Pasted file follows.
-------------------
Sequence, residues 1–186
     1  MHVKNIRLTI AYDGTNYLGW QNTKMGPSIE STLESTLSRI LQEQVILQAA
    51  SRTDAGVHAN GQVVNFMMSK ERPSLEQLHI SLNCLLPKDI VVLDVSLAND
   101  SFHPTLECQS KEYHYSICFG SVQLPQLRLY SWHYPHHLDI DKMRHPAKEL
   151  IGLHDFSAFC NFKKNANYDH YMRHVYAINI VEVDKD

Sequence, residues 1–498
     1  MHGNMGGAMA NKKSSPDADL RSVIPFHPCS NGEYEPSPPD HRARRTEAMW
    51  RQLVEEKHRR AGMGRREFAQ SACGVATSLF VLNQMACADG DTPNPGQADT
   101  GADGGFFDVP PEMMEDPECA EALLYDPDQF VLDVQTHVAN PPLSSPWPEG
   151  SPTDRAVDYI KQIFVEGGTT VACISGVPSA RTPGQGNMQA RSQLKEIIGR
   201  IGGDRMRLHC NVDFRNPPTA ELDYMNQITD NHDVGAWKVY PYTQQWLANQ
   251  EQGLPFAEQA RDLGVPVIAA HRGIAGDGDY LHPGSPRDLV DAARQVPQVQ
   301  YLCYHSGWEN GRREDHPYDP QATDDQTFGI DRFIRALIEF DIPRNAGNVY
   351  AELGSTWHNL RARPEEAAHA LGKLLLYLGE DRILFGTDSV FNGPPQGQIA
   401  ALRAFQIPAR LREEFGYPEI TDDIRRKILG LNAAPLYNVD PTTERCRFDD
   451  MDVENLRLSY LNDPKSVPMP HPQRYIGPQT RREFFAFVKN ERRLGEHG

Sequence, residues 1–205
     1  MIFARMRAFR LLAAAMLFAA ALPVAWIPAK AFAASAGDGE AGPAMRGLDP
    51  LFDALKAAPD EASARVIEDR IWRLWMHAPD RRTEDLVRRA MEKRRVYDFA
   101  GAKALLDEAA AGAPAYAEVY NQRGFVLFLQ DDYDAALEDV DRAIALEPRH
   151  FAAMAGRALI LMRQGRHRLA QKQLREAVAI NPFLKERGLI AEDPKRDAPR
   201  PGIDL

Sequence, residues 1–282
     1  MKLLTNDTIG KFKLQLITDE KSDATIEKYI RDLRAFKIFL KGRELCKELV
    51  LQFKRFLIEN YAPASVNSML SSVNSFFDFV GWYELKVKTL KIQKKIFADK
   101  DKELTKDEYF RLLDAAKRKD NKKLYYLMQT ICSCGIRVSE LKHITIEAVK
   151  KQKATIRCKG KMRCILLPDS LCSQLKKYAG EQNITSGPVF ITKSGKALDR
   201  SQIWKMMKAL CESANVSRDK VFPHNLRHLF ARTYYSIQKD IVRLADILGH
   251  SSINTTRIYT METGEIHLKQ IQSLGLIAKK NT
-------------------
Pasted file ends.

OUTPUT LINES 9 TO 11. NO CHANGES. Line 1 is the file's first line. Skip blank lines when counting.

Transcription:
   101  GADGGFFDVP PEMMEDPECA EALLYDPDQF VLDVQTHVAN PPLSSPWPEG
   151  SPTDRAVDYI KQIFVEGGTT VACISGVPSA RTPGQGNMQA RSQLKEIIGR
   201  IGGDRMRLHC NVDFRNPPTA ELDYMNQITD NHDVGAWKVY PYTQQWLANQ